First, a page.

ILLINOIS – With an effective tax rate of more than 15 percent, Illinois ranks 51st in the nation – the last of all 50 states plus the District of Columbia – for state and local tax charges. At the same time, Illinois ranks midfield in terms of taxpayers’ return on investment.
This comes from Wallethub’s personal finance website, which aggregated real estate, vehicle properties, income and sales, and excise taxes to create their rankings. The lowest state and local tax rate in the nation was Alaska at 5.84 percent.
This is how the categories are broken down in Illinois:
- Average Property Tax: $ 4,942, Rank: 50th
- Effective basic vehicle tax rate 0 percent, rank: 1st
- Effective income tax rate: 2.9 percent, rank: 13th
- Average Income Tax Paid: $ 18.34, Rank: 39th
- Effective sales and excise tax rate: 4.29 percent, rank: 27th
- Average Sales Tax Paid: $ 2,712, Rank: 25th
- Effective overall tax rate: 15.01 percent, rank: 51
The average Illinois household pays nearly $ 9,500 in state and local taxes each year, with Illinois gas taxes driving the state to the top. Illinois doubled its gas taxes in 2019 and has the third highest in the country.
State and local tax burden imposed by the state:
The state’s votes last year declined to approve a tiered income tax that would have cut taxes for lower-income Illinoisans and increased taxes for those who earn more than a quarter of a million dollars a year.
“It is wrong that I would pay the same tax rate as someone who makes $ 100,000, or worse, the same tax rate as someone who makes $ 30,000,” Governor JB Pritzker said at the time, warning of cuts in services or tax increases for everyone if the measure fails.
However, critics said they did not trust state lawmakers to avoid wasting the money and pointed to high profile corruption allegations against Illinois House spokesman Mike Madigan and others, as lawmakers could not be trusted as evidence.
Surprisingly, countries with low income taxes don’t always pay lower taxes overall, the report said. For example, Washington state has no income tax, but residents pay an effective sales tax of 8.65 percent, which brings their overall tax burden down to nearly 12 percent. The effective tax rate in Texas is even higher, although there is no income tax and lower sales tax – the Lone Star State has some of the highest real estate taxes in the country.
Red states – those that voted for Donald Trump in the 2020 presidential election – usually pay lower taxes than states that voted for the Democratic candidate. But blue states don’t always see better government services due to higher taxes, Wallethub noted.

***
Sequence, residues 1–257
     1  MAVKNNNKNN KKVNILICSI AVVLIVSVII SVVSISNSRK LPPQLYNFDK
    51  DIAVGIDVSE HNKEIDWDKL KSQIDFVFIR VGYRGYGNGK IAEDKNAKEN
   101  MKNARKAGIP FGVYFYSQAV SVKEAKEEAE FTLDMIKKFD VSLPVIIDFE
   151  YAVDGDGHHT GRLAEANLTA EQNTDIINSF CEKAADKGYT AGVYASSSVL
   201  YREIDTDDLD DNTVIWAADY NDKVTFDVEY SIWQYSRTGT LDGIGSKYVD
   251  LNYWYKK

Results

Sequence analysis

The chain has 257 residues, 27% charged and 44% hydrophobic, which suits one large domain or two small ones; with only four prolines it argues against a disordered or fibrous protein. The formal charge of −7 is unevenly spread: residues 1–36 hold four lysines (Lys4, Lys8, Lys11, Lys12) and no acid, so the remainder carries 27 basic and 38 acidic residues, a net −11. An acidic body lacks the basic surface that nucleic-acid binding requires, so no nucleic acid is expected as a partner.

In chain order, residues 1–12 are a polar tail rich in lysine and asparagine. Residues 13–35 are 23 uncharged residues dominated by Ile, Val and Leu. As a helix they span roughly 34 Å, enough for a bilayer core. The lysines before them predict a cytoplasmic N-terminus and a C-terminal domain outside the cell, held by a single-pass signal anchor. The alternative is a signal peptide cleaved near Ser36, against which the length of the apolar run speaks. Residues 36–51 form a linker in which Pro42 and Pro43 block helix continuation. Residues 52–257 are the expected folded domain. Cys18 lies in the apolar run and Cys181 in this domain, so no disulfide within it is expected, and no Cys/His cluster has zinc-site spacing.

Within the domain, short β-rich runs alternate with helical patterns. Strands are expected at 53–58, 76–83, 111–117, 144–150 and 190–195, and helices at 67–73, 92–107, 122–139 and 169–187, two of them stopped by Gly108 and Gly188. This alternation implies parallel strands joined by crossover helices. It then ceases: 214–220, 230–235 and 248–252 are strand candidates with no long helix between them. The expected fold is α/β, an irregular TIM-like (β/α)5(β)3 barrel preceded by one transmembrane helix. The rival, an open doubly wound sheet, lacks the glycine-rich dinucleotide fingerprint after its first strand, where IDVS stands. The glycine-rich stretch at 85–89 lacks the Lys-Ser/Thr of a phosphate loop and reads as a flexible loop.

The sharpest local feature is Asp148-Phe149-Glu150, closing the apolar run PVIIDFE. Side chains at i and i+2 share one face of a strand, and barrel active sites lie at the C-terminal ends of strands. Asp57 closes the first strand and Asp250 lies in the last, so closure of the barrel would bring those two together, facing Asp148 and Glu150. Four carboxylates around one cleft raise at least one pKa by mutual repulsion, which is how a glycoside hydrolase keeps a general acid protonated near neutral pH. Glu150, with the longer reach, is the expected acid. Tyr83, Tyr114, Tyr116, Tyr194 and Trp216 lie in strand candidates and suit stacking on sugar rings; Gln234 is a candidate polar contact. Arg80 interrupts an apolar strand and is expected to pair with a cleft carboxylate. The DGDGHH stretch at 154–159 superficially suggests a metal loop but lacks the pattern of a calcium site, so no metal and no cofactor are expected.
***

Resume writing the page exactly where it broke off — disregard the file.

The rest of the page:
The website categorized all states and DC into five categories: Education, Health, Safety, Economy and Infrastructure, and Pollution.
So Illinois ranked in these categories:
- Education: 19
- Health: 23
- Security: 23
- Economy: 26
- Infrastructure and pollution: 31
Wallethub found that better service depends on much more than just paying more taxes. One of the states with the best return on investment (ROI) is Florida – with one of the lowest state and local tax rates in the country – but also Nebraska with one of the highest.
Taxpayer ROI by federal state:
Rebecca Hendrick, a professor of public administration at the University of Illinois at Chicago, told Wallethub that many states with low tax burdens – such as Alaska, North Dakota, Texas, and Oklahoma – rely on external sources of income such as oil taxes and gas wells to lower taxes balance the residents while most local governments do not have that luxury.
“Governments like Detroit, Flint, East St. Louis, Newark, Buffalo and many other small governments in the US have very little capacity to generate their own revenue,” she said. “I would describe 6-10 suburban governments in the Chicago metropolitan area as insolvent because of the decline in population, property values, economic base, etc. Their tax burdens are quite high and the level of service and quality are low because they cannot generate income on the other hand, governments with affluent economic and tax bases can have higher tax burdens because their citizens demand it and are willing to pay for it. Their high tax burdens fund better government services. “
Hendrick said a lack of control and fighting among elected officials increases costs and leads to wasted taxpayers’ money. She also criticized lawmakers for increasing the tax burden without increasing services.
“They do this by transferring current obligations to future taxpayers, such as underfunding of pension obligations, inadequate maintenance of existing infrastructure and the so-called ‘scoop and toss’ of current debt obligations for the future (by refinancing old debts) “said Hendrick. “This means that current taxpayers are paying for past obligations, which reduces spending on ongoing services.”
Red states also receive more money from the federal government than blue states. For example, Wyoming received $ 1.25 billion – about 80 percent of its annual budget, according to the Associated Press – from the first COVID-19 relief package passed that summer, although there were fewer than 600 positive cases at the time, while Illinois received less than $ 100,000 per positive case.
Other federal support for states comes in the form of federal contracts, grants, and public subsidies.
According to Wallethub, Illinois was one of the least dependent on the federal government. The states most dependent on the federal government include Alaska, Montana, West Virginia, Mississippi, Kentucky, and New Mexico.